Peggy Noonan Opines Over Her Old Boss' Trickle-Down Economics Finally Taking Their Toll On Americans
After David Gregory does his best to try to paint all of our current economic woes on President Obama, Peggy Noonan points out that most Americans for the first time in her lifetime don't think their children are going to be better off than they are, and after David Gregory shows a poll saying Americans think the last ten years have been the worst decade in history, even Noonan has to admit that those problems were brought about from the earlier part of that decade, but without mentioning Bush by name.
If Noonan were being honest about the cause of our current economic woes, it's her old boss Ronald Reagan's trickle-down economics finally destroying what's left of America's middle class. We've been heading in this direction for a very long time and unless our politicians lose their fetishes for tax cuts and their refusal to do anything about outsourcing, this is just going to continue to get worse before it gets better. That pessimism Noonan's opining over is due to the fact that people are aware that our politicians are too bought and sold by big business to do anything to reverse the trends.
DAVID GREGORY: But-- and Peggy's point, I think. Whether it's about healthcare, the government stepped up, took some big whacks at policy. Namely dealing with the economy. And a lot of people said, "Well, wait a minute. Nothing's worked here. You know, you bailed out the banks. Started under Bush. You continued it. The auto companies. You did healthcare. You did the stimulus. And-- and we're still in the same position. I still don't have any equity in my house anymore and I can't find a job." That's a role of government issue.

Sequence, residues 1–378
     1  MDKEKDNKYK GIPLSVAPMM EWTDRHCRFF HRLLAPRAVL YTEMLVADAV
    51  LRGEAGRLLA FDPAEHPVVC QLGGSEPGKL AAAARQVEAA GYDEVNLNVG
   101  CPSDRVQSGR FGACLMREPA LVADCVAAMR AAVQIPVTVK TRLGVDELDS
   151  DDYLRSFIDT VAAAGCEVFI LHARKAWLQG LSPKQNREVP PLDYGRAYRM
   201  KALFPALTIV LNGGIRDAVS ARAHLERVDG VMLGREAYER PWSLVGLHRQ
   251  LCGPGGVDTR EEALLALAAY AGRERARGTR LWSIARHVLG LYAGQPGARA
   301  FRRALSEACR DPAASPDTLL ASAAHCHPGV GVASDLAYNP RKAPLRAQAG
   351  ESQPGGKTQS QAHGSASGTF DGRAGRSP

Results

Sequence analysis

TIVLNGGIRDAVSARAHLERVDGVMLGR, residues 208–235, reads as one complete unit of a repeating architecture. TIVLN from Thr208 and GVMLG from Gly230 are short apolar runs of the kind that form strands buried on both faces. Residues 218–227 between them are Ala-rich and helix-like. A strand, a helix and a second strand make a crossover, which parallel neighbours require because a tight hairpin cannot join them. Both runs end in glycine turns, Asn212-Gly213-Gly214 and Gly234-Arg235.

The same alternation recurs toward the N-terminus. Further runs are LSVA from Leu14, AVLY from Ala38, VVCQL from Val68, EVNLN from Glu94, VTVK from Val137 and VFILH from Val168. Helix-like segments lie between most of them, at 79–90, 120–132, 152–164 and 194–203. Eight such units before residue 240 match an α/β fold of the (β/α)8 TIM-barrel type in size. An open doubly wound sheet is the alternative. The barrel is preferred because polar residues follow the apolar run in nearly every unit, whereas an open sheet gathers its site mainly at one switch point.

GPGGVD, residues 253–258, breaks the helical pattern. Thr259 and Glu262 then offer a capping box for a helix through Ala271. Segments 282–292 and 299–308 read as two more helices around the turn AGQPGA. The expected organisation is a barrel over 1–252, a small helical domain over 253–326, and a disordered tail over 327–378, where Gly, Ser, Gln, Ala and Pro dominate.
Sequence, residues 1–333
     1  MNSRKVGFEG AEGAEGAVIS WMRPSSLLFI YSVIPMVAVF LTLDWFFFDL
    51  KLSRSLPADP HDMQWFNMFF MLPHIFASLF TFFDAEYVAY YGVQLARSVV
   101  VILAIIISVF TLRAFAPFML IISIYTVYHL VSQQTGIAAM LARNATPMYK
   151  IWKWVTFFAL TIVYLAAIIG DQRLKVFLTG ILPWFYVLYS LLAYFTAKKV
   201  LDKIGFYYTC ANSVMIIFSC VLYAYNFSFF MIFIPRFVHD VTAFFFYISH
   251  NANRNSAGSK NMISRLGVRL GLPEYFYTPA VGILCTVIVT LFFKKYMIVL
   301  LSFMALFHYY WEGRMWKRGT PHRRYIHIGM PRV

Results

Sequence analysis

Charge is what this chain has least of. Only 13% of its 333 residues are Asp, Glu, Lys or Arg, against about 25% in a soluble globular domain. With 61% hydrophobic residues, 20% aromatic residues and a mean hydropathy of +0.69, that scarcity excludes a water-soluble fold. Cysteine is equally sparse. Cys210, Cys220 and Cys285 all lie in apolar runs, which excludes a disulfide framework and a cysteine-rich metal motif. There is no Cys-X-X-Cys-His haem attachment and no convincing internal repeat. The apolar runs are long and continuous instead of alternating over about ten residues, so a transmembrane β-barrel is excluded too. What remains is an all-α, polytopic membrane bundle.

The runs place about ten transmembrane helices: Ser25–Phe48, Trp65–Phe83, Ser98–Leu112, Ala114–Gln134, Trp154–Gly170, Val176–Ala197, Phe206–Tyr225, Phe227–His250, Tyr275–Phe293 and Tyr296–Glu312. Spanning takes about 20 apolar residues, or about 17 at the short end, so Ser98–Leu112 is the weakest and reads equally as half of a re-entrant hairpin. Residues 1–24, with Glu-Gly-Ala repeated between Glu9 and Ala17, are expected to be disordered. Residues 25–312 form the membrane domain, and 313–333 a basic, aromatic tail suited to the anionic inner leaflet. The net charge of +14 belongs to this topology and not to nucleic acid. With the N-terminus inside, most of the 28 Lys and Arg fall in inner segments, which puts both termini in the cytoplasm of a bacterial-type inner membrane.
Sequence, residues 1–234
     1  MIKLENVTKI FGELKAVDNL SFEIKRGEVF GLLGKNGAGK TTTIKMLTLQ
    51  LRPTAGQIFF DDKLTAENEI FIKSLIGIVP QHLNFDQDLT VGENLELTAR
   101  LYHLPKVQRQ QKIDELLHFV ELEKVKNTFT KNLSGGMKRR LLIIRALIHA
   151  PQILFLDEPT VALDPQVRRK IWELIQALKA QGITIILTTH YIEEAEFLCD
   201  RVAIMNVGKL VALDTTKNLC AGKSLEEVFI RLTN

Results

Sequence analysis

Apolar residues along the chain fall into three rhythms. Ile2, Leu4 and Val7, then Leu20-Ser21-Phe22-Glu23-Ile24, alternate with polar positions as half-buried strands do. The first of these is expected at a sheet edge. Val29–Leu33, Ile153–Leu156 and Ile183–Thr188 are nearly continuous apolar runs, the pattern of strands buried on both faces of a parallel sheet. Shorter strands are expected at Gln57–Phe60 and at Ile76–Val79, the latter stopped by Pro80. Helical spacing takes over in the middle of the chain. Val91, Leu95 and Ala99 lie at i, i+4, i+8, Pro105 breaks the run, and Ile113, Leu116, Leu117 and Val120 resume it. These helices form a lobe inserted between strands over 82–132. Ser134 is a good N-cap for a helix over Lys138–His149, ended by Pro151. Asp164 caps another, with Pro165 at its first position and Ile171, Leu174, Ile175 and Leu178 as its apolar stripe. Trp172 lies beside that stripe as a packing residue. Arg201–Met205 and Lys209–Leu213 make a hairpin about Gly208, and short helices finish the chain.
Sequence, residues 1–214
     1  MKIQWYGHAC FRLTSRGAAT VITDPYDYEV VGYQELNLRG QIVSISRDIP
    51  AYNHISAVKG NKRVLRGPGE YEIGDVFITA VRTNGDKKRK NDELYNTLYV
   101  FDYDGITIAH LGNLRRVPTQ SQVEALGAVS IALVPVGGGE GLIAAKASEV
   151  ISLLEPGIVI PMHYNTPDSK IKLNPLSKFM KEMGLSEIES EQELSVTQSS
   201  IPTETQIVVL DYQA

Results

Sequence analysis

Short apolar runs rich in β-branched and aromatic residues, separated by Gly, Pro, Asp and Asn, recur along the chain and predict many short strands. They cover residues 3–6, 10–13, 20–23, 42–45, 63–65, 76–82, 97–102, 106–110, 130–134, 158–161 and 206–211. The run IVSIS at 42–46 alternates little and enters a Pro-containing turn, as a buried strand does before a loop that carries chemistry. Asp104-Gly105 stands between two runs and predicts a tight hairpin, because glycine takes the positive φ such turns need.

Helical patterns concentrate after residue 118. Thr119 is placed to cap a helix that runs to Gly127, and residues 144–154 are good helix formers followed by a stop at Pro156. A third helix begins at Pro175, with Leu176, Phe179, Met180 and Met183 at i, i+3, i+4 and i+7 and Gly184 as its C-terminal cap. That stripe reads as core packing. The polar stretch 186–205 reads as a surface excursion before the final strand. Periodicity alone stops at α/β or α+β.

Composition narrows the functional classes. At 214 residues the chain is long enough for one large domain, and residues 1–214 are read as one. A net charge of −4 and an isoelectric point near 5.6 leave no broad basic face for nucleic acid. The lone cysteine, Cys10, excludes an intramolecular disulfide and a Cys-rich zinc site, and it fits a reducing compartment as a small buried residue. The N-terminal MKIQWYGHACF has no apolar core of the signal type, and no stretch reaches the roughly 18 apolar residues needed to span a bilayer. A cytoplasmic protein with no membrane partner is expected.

PEGGY NOONAN: There is also this-- this growing from that but it's part of what we're talking about is this-- the biggest political change in the United States in my lifetime is the sense grownups have that their children will not have it better. It is a-- we are-- a happy people. You can walk along any street in America right now and you're gonna see people doin' Christmas and the holidays and it's wonderful. But there is deep down on the third level of thought a-- a strain of pessimism--
DAVID GREGORY: Well, and--
PEGGY NOONAN: --that I've--
DAVID GREGORY: --Peggy--
PEGGY NOONAN: --seen before.
DAVID GREGORY: --look at this from our recent NBC News/Wall Street Journal poll. People's views on the last cen-- but-- on this last decade that it's the worst decade in history at 54 percentile.
FEMALE VOICE: Well, part of that-- (OVERTALK)
FEMALE VOICE: --that is being--
TOM BROKAW: And part of that--
FEMALE VOICE: --saying that--
TOM BROKAW: --because they--
FEMALE VOICE: --at the beginning.
TOM BROKAW: --were living through it. They don't have any idea what -- well let me take 'em back to 1938--
DORIS KEARNS GOODWIN: Yes, exactly.
TOM BROKAW: --for example, when the prospect of war and World War II and the-- and the recovery wasn't working as well as FDR had hoped it would in that year. And we still had bread lines in America and the country was on its backside at that point.
PEGGY NOONAN: And we were--
TOM BROKAW: And----
PEGGY NOONAN: --hopeful.
TOM BROKAW: --and how about--
PEGGY NOONAN: And-- it was--
TOM BROKAW: --the worst--
PEGGY NOONAN: --dreadful.
TOM BROKAW: --how about the worst decade leading up to the Civil War?
DORIS KEARNS GOODWIN: Yeah. I mean--
TOM BROKAW: You know?
DORIS KEARNS GOODWIN: --for those of us who are historians and who've lived in those other decades--
TOM BROKAW: Right.
DORIS KEARNS GOODWIN: the 1860's, the 1930's, I'll still take this one, as troubling as it is.